The flagship Victoria’s Secret location in Manhattan has not paid its rent in four months, and the company states that it will take years for New York’s retail market to reach its pre-Covid levels. Other large brands, such as Neiman Marcus, are also filing for bankruptcy and closing locations in New York City. If these trends persist, the nearly 1 million retail workers in the city will be met with some tough choices. Will they be able to find work in this former shopping hub? 

How Businesses Can Survive

While almost all business sectors are feeling the effects of the pandemic, there are ways for shops to stay afloat during the retail apocalypse. 

Offer Contactless Payment 

Most American shoppers now use contactless payment, and this percentage will only grow as more credit card companies offer cards with this technology. Retail shops cannot afford to stick to a “cash only” model since this alienates over half of shoppers. 

Contactless payment offers a few benefits, but convenience and cleanliness are two main concerns of many shoppers. Even after the pandemic ends, people will likely continue looking for ways to minimize germ exposure. If your point of sale system does not accept contactless payments, shoppers may think twice about buying from you.

Offer a blended shopping experience

Buying online is convenient, but 2-day shipping cannot compete with in-store pickup. If your store is not online, you should create a website that allows shoppers to, at the very least, see your inventory. However, providing online shopping should be your goal since this will help you do business even when no one is at the store.

Once you implement this process, you can offer a blended shopping experience. Buyers can pay for items online and then pick up their goods from the curb. Mask mandates and other social distancing regulations may make some shoppers tired of going to the store, so giving them a way to shop without donning a mask is a win for everyone.

Make Customers Feel Safe and Welcome

After spending months in lockdown, people may not be comfortable returning to stores. Your shop can welcome customers by creating a clean space that is warm and inviting. Consider these tips for creating a socially distanced store. 

After preparing your store, use your customer retention software to invite past customers to check out your shop by sending out emails or text messages. With the right loyalty programyou can offer discounts and other incentives to get guests through the door.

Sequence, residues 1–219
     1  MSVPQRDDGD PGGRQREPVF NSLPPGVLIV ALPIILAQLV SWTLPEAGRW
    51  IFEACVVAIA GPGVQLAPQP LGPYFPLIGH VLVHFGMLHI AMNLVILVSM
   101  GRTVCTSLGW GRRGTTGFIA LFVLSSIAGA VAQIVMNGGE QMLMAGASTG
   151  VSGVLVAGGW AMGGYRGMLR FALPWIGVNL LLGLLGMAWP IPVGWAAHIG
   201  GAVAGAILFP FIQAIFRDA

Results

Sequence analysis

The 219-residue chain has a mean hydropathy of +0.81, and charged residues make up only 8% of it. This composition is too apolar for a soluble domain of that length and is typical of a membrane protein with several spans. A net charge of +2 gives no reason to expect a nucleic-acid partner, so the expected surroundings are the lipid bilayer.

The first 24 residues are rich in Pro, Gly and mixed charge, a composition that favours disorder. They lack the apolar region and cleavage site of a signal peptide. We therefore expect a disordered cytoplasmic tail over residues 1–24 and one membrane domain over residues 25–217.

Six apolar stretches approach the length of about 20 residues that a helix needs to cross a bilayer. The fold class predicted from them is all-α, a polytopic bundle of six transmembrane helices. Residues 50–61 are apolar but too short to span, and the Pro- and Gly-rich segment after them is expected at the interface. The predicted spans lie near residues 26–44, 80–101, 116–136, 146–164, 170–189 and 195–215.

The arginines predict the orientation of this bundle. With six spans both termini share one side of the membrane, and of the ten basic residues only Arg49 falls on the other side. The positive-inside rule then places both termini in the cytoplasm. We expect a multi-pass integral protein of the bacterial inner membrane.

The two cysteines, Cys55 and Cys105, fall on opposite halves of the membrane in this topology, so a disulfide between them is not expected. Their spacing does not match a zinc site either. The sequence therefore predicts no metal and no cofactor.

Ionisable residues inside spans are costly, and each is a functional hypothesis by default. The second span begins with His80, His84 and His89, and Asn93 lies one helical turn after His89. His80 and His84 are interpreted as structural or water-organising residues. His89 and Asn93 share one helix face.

Add Value with Partnerships

Kohls recently partnered with Amazon to allow guests to return Amazon purchases at their store. This relationship may seem odd, considering that both companies offer retail goods and are competitors. Does this not hinder their profit potential? Perhaps not.

Kohls can gain quite a bit from this partnership. When Amazon shoppers return their products at Kohls, they receive a discount to shop at the store. If they returned an item because it was the wrong size or didn’t work as intended, they can then use this discount to buy it at Kohls.

You don’t have to partner with competitors to add value. Perhaps your retail store can work with a local cafe and create separate spaces for shopping and relaxing. Think about what your typical customer enjoys, and try to cater to those needs.

Keep your store competitive with the latest technology

No matter what you do, it is nearly impossible to survive the retail apocalypse without a modern point of sale system. From processing payments and tracking sales to managing inventory and onboarding new staff, a POS can provide everything a retail store needs to operate. 

Epos Now offers several POS solutions that can match any business model. Speak with a consultant today to see how your store can use our technology.